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Re: Phorusrhacids killing large mammals in National Geographic Channel

>> The largest representatives of the native South American mammalian
>> herbivores are Plio-Pleistocene, as far as I know, so the previous
>> South American fauna had fewer large representatives.
> Yeah, but still generally good-sized animals, regardless. At least
> deer-sized, IIRC.

I do not know which one was the largest pre-Pliocene South American
mammal, but pre-Pliocene Borhyaena was considered as larger than human
on the basis of the skull, but approximately 30 kg. on the basis of
the whole skeleton. The head of these beasts seem to have been very
large compared to placentals, and if a few 30 kg. African wild dog can
kill a zebra, I bet the much more massive head and musculature of
Borhyaena may have permitted this beast to prey upon large and not so
fast items (there was plenty of sloth species in South America,
although these would put a fight with their massive arms, claws and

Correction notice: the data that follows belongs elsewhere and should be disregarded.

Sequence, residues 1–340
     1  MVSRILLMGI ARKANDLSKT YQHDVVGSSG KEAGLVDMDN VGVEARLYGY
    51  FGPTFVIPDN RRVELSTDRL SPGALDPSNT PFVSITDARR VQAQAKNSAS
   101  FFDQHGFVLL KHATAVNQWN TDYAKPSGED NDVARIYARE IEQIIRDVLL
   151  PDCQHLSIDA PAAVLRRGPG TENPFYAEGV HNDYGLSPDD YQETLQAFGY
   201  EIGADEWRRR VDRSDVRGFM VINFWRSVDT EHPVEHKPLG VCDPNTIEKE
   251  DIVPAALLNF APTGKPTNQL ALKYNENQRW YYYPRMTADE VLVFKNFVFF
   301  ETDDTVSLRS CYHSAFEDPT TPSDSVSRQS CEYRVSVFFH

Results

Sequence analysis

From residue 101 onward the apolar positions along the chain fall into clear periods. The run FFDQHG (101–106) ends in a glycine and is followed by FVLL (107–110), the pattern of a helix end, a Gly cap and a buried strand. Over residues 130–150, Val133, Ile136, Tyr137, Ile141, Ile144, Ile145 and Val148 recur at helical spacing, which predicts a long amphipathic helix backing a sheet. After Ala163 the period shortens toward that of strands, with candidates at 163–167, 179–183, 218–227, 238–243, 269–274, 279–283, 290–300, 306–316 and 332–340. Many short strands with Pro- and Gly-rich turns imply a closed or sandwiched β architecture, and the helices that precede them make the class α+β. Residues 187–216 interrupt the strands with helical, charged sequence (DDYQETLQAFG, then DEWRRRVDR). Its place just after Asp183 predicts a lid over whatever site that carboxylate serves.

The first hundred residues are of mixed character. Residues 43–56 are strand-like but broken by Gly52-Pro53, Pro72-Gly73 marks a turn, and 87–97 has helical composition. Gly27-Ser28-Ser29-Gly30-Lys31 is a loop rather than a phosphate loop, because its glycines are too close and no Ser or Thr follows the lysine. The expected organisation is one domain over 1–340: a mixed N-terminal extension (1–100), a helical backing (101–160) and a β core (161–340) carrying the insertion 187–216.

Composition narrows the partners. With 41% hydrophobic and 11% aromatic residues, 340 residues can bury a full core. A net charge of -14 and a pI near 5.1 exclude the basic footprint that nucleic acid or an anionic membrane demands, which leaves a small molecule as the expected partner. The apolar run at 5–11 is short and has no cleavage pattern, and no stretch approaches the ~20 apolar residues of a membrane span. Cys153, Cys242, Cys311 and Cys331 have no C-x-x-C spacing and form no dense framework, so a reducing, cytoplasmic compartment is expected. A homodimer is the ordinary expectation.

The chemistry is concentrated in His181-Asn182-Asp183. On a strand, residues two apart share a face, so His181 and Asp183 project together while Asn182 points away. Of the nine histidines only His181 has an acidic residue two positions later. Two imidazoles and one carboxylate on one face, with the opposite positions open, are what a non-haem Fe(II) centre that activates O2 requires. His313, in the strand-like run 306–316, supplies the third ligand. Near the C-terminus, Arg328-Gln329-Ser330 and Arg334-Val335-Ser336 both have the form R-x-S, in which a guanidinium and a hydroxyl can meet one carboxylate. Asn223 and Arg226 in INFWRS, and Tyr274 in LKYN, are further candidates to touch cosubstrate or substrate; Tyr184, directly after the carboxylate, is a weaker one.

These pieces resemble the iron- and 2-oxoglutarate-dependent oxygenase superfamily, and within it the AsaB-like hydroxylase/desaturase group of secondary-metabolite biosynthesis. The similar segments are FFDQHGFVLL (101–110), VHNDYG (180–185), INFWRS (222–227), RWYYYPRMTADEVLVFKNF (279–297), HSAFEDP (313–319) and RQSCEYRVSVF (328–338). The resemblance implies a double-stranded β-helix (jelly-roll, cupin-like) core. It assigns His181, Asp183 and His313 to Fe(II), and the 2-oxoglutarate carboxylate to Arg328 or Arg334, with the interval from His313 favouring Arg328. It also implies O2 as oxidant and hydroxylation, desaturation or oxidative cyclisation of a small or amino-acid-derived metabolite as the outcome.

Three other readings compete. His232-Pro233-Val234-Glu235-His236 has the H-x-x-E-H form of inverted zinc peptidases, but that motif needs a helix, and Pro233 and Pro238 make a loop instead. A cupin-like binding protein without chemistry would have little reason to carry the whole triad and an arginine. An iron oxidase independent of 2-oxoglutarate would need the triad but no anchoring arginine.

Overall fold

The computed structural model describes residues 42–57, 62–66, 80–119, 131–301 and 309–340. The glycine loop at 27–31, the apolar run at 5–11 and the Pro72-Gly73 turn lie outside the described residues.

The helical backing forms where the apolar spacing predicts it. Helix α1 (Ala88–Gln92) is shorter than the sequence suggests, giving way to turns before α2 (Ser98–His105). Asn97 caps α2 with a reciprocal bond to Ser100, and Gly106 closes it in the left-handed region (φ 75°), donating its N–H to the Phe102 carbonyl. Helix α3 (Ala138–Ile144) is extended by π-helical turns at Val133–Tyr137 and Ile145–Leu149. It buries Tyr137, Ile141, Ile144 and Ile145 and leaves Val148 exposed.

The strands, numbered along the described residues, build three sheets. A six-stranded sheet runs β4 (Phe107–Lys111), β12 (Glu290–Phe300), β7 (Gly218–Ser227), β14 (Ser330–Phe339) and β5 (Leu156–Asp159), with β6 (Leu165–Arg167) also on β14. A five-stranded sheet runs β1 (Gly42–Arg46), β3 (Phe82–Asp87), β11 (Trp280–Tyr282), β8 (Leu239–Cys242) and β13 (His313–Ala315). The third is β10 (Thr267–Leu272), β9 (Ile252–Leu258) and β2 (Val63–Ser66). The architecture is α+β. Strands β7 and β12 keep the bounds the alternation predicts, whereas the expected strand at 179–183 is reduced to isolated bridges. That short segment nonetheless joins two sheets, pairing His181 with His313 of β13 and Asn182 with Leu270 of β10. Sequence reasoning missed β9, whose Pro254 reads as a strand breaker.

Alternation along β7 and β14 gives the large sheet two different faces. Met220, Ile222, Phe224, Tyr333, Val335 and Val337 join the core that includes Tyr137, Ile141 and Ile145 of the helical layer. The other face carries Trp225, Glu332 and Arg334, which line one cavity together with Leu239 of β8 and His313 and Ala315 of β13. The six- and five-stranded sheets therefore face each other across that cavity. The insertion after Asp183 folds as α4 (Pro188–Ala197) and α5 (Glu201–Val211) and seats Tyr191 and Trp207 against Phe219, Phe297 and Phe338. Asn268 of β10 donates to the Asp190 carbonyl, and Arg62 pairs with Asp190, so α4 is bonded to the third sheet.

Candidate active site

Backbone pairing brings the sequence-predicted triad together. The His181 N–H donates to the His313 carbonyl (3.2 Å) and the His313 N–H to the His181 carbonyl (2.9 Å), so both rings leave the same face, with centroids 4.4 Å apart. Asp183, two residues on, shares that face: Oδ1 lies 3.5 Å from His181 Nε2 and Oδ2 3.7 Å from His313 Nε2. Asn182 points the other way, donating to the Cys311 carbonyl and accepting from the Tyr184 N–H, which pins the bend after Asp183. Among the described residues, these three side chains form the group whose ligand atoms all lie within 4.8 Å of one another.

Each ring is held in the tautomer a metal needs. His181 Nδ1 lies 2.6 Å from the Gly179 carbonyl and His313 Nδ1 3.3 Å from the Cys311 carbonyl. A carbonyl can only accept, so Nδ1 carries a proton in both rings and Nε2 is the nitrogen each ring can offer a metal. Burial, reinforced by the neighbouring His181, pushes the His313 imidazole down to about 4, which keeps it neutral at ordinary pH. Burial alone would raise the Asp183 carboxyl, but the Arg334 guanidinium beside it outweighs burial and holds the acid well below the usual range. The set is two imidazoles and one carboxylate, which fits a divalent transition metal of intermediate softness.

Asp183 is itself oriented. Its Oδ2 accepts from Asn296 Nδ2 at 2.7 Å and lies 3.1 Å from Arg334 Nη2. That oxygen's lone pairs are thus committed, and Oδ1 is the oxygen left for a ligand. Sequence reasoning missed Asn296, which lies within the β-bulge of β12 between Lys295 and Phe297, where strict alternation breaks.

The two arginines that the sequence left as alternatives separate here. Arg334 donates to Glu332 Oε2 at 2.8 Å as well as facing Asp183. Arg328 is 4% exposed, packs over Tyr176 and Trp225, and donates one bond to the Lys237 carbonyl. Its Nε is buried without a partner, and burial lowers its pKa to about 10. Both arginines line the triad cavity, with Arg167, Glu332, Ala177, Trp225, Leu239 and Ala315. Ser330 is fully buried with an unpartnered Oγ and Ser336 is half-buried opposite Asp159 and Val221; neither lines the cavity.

large caniniforms).

> Seriemas can fly, no? That seems like it could be quite important. Not
> sure about differences in nesting habits, but that could be relevant
> too. And there were phorusrhacids not really all that much bigger than
> seriemas, IIRC, so maybe they *were* outcompeted/had their eggs eaten
> by by canids/felids/mustelids.

There is an argument about whether or not the smaller phorusrhacids,
such as Psilopterus, with relatively longer wings, can or not fly.
Seriemas do not perform long flights, however. They are said to be
helped climbing by the laterally compressed claws, which are also
present in Phorusrhacids. So perhaps they were not very different to
the smaller phorusrhacids in habits.